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Jul 31, 2005 02:38 PM


  • c

I have access to a lot of dill so I'm looking for recipes that use quite a bit. I made soup, but probably over-dilled it. I don't can pickles so that's out. If anyone has good recipes using dill, including soup, please send them along. Thanks.

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  1. I love it on salmon - a little olive oil and a whole lot of dill, done on the grill - yum!

    1 Reply
    1. re: Barbara

      Or make gravlax with a side of raw salmon!

    2. Dill does seem to take over doesn't it? Try making dill oil---as in herb oil that Carb lover has rec. from another post. I've been making dill, parsley, basil, and thyme oils and they are really great to have on hand and enhance just about any summer dish. You just use lots of herbs (dill, in your case) evoo, a garlic clove, fresh lemon juice and whirl in your food processor or blender.
      Keeps for a long time in frig. A really great thing to have on hand--I'm wondering now if you can freeze it?

      1 Reply
      1. re: jackie

        If you freeze it, and I learned from my mother's attempts to freeze it, unless you have something that is truly air tight everything in your freezer and refrigerator will taste like dill. You might want to put it in a canning jar to freeze it.

        Too bad about not canning, hot dill bean pickles are wonderful.

        If you are making cooked green beans a head of dill added to the pot with bacon and new potatoes is awfully good. Cook them until they are just about falling apart. Great stuff.

      2. e
        Eldon Kreider

        Dill vinegar is great in an oil and vinegar dressing for cole slaw or sliced cucumbers, keeps very well and uses a lot of dill.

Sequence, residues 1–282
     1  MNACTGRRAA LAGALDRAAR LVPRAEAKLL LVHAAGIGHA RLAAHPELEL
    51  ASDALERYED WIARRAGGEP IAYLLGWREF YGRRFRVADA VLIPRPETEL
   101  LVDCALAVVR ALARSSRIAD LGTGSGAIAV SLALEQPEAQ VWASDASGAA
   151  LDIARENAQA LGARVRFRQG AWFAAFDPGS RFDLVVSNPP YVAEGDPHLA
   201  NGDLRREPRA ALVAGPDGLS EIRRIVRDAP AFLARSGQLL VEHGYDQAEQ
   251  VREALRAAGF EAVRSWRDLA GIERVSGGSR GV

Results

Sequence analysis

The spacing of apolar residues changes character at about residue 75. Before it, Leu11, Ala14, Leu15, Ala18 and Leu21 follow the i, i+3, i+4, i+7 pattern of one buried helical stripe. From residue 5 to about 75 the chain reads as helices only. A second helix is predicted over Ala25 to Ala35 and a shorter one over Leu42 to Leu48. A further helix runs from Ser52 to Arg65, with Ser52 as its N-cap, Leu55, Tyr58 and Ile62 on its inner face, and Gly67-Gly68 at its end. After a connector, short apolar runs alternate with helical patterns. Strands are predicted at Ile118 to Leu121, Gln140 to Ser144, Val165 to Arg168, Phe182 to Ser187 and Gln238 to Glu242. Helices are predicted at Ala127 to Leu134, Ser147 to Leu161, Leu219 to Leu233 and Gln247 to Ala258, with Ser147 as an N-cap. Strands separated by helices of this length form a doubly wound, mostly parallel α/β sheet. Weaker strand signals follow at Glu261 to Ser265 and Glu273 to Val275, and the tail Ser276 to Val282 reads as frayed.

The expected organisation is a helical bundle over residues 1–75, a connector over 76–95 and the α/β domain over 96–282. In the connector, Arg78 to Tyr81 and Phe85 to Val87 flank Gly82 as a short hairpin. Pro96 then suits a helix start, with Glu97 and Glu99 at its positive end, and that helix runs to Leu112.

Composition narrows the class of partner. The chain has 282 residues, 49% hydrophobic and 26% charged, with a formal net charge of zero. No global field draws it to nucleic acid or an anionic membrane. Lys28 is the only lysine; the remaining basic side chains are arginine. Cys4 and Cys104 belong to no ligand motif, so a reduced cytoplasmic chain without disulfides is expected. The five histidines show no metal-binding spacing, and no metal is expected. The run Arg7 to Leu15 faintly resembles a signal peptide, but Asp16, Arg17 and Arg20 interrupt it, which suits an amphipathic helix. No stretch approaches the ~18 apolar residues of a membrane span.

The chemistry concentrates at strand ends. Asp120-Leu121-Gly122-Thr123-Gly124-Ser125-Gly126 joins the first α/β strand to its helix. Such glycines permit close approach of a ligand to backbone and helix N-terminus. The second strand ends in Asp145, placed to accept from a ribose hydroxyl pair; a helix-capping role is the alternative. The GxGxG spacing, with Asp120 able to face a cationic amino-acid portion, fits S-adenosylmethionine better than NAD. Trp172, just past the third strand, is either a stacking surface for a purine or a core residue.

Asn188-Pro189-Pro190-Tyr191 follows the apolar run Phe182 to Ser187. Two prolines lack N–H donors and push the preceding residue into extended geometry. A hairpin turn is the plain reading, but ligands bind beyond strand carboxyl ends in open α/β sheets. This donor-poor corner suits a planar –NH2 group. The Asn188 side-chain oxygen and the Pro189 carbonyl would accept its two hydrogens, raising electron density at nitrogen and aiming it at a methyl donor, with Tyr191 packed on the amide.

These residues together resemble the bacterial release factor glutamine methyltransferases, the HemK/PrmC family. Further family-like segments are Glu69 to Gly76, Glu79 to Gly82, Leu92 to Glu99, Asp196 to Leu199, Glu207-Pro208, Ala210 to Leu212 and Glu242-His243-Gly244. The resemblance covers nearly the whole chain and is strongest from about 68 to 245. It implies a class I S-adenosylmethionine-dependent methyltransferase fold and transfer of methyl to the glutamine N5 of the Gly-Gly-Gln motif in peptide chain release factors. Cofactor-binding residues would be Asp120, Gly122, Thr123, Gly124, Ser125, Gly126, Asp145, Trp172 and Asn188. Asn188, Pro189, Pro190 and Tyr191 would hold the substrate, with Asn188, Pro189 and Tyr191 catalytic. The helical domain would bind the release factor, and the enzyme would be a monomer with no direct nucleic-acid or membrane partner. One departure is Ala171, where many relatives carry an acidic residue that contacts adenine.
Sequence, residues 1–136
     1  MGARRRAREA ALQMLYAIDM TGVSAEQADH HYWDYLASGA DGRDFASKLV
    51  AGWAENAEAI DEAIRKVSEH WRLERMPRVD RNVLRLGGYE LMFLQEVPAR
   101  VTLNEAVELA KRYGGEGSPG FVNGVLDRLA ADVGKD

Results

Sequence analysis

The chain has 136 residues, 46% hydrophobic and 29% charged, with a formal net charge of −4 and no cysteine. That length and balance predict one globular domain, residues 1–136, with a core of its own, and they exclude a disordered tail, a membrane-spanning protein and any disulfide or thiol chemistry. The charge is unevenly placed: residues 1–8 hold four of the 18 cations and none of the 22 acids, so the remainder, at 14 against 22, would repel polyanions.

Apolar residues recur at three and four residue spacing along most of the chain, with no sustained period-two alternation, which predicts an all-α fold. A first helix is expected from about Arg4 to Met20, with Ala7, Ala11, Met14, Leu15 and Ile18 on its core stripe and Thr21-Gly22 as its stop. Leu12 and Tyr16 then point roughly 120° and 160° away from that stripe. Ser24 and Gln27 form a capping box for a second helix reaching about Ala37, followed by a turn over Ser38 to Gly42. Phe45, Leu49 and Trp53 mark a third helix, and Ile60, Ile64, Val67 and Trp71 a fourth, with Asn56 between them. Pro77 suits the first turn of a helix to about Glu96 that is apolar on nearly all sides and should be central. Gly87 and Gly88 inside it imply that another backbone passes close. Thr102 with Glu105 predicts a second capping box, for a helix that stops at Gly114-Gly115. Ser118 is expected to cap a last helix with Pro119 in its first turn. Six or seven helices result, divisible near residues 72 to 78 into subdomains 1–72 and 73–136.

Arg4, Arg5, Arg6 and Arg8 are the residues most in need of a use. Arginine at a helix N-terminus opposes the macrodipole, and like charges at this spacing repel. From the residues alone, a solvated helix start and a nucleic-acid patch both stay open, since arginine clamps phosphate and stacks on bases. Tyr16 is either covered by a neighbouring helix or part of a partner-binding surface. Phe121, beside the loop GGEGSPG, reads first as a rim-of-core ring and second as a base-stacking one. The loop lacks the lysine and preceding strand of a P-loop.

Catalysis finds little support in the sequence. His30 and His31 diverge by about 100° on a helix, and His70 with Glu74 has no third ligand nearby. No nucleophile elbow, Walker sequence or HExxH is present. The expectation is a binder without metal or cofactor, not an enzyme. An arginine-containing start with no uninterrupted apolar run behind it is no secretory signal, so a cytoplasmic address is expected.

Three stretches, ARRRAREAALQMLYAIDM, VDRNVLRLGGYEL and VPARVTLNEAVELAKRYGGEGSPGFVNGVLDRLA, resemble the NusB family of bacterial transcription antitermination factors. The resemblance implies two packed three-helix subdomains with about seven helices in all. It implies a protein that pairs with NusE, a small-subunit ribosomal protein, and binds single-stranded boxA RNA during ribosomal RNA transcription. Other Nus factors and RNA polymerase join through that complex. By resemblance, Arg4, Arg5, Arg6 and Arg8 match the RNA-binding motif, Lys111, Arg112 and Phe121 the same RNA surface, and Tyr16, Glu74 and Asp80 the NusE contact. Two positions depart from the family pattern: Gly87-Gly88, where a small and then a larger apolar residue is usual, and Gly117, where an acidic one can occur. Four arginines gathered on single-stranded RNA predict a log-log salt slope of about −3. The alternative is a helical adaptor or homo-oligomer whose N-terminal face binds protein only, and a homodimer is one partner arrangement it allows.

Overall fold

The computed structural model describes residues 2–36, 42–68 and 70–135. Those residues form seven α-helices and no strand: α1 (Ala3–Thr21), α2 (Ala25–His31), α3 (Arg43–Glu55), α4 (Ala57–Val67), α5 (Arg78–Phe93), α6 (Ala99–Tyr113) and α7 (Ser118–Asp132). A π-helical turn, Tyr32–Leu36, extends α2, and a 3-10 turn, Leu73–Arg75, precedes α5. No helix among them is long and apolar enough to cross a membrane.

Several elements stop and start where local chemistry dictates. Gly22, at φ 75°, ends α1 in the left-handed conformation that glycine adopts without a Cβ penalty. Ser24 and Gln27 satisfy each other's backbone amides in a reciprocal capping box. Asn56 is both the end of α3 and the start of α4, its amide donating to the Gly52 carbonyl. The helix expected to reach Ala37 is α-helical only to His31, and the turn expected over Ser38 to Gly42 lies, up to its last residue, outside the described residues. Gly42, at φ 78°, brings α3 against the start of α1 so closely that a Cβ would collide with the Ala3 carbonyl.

We prefer to use both dill weed and seeds to make the vinegar. Use cider vinegar (not that cider-flavored aberration). Rinse and drain the dill weed. Loosely fill clean jars with dill weed and seeds. Fill with cider vinegar that has been heated to the boiling point and seal. Because of the acidity you should use lids that are not reactive. Processing is unnecessary. Keep for at least a few weeks before using although will easily keep through the winter if you haven't used it all by then. Simply strain the vinegar and transfer to a bottle when you want to use some. The dill will have given up its flavor, so toss it.

        Herb vinegars are great for marinades or perking up food in the winter when produce isn't the greatest. The basic model is the same, but dill is the only type where we use cider vinegar. Red wine vinegar is likely to throw sediment with herbs. White wine or rice vinegars are better. I find that you can use up to half distilled white vinegar without messing up the flavor. Thyme, marjoram, savory, rosemary and sage make good herb vinegars while tarragon is a classic. Some blending is good, but you probably don't want all of those in a single vinegar. Basil is probably best used by itself in vinegar. Red basil makes a beautiful vinegar with a nice flavor.

        1. Dill is great in sauces that have whipping cream added to them. Also, in a lot of soups with a cream finish. The king of'em all is a dill pickle soup, of course ;)

          1. Here's a thread on dill from May...